The Slave Dancer by Paula Fox, Eros Keith |, Other Format | Barnes & Noble
The Slave Dancer

The Slave Dancer

3.6 44
by Paula Fox
     
 

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Jessie Bollier often played his fife to earn a few pennies down by the New Orleans docks. One afternoon a sailor asked him to pipe a tune, and that evening Jessie was kidnapped and dumped aboard The Moonlight, a slave ship, where a hateful duty awaited him. He was to play music so the slaves could "dance" to keep their muscles strong, their bodies profitable.

Overview

Jessie Bollier often played his fife to earn a few pennies down by the New Orleans docks. One afternoon a sailor asked him to pipe a tune, and that evening Jessie was kidnapped and dumped aboard The Moonlight, a slave ship, where a hateful duty awaited him. He was to play music so the slaves could "dance" to keep their muscles strong, their bodies profitable. Jessie was sickened by the thought of taking part in the business of trading rum and tobacco for blacks and then selling the ones who survived the frightful sea voyage from Africa. But to the men of the ship a "slave dancer" was necessary to ensure their share of the profit. They did not heed the horrors that every day grew more vivid, more inescapable to Jessie. Yet , even after four months of fear, calculated torture, and hazardous sailing with a degraded crew, Jessie was to face a final horror that would stay with him for the rest of his life.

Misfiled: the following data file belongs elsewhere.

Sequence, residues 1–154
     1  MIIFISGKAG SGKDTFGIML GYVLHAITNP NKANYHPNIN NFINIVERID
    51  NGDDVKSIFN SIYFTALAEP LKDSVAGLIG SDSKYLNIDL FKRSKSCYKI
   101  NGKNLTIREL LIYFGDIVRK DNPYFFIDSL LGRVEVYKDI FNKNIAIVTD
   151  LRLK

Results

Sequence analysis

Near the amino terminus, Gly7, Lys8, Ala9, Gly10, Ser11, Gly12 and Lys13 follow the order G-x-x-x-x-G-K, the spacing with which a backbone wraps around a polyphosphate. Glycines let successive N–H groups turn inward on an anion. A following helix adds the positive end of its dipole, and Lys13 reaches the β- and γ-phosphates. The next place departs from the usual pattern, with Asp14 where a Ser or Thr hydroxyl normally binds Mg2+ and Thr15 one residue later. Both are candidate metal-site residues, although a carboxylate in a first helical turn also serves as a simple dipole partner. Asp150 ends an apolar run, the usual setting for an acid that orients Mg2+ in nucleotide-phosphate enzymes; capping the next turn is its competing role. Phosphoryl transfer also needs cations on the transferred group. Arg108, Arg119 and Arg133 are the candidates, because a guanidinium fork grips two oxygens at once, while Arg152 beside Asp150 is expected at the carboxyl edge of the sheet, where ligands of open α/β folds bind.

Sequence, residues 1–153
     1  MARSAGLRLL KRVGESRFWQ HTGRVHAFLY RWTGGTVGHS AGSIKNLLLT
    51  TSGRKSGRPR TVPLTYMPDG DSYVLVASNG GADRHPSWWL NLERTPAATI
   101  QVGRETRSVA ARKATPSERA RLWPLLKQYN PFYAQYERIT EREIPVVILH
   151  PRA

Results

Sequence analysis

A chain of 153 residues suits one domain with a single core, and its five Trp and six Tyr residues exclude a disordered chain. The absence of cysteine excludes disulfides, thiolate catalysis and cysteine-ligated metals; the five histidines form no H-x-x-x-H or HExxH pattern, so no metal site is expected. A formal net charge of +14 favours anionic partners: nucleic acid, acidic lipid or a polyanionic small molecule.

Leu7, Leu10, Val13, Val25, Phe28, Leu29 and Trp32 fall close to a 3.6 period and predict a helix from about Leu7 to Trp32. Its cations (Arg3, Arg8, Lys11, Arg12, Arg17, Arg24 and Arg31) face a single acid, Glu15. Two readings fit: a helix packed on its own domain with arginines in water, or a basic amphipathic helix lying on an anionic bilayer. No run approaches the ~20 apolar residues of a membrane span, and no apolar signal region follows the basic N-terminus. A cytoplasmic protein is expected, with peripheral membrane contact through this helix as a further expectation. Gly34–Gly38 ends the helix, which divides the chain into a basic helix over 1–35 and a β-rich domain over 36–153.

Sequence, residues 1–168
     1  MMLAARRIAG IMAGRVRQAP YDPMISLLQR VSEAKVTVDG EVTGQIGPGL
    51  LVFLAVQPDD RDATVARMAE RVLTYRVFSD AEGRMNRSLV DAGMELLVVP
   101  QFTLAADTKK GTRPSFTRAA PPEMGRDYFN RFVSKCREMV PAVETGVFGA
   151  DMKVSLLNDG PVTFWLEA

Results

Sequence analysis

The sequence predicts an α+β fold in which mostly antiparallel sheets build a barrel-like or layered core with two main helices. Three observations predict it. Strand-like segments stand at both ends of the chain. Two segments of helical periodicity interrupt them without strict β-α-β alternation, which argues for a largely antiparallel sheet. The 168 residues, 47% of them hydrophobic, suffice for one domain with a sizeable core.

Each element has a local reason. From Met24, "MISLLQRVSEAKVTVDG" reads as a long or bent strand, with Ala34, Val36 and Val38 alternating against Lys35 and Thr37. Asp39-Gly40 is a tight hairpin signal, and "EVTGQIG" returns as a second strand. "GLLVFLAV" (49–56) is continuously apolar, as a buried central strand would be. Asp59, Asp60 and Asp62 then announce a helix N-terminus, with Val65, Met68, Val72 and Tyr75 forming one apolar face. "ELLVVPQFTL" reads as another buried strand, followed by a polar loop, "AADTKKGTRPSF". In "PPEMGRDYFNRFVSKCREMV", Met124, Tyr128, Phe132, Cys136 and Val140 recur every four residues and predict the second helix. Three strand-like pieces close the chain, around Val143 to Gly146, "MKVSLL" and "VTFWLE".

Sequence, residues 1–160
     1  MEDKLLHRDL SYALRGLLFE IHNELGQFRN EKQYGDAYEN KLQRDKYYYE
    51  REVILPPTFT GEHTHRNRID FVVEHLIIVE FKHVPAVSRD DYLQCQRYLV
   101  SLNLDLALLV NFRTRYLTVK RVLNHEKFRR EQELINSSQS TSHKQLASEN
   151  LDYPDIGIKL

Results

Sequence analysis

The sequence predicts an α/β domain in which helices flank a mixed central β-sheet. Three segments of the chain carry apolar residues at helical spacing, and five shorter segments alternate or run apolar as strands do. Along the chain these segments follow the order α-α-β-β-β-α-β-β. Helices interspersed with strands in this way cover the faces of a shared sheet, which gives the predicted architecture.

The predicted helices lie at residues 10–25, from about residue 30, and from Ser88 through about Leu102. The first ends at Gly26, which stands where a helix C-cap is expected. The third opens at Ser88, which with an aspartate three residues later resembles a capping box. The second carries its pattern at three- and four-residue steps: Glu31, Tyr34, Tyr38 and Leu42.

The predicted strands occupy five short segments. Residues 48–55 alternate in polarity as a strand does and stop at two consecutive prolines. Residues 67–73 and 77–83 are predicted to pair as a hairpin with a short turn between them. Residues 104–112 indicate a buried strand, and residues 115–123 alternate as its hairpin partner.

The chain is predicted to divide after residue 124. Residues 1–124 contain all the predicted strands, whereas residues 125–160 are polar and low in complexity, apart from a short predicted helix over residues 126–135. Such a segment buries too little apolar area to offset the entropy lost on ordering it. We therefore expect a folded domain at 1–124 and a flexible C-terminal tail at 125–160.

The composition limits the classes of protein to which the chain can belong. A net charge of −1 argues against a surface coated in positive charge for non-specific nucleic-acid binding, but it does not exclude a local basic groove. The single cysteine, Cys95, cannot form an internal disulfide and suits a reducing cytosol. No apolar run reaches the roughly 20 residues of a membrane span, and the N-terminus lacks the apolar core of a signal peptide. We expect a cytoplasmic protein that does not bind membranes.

Editorial Reviews

From the Publisher
"Spellbinding...will horrify as well as fascinate." — School Library Journal, starred review

"Movingly and realistically presents one of the most gruesome chapters of history." — Booklist, starred review

Product Details

ISBN-13:
9780613950961
Publisher:
San Val
Publication date:
12/01/1990
Product dimensions:
5.00(w) x 7.70(h) x 0.66(d)
Age Range:
10 - 14 Years

Read an Excerpt

An Excerpt from The Slave Dancer

I heard one piercing scream. My teeth began to chatter.

Then a very small brown face rose above the rail as though it had flown
up from the sea. It continued to rise slowly until its brown bare chest
was visible. Then I saw dark hands around its waist. The hands lifted,
the little girl's legs flew out, and I saw the head of the young man who
had been carrying her.

For a second, she sat on the deck, looking all around her, her eyes huge
with amazement, then she crawled and jumped toward the rail but was forced
back by the forward propulsion of the man who tottered over the rail,
unable, it seemed, to bring his body any further. The child hugged the
young man's neck frantically and buried her face in his hair. At that
moment, Nicholas Spark bent his thin length and gripped the man's back
as though he were gathering up cloth, and yanked him altogether over,
the chains around his ankles striking the deck with a violent clanging.
The clanging never ceased as one after another the captives struggled
over the rail and were dropped or dragged onto the deck. How long did
it all take? I'll never know. None of us moved.

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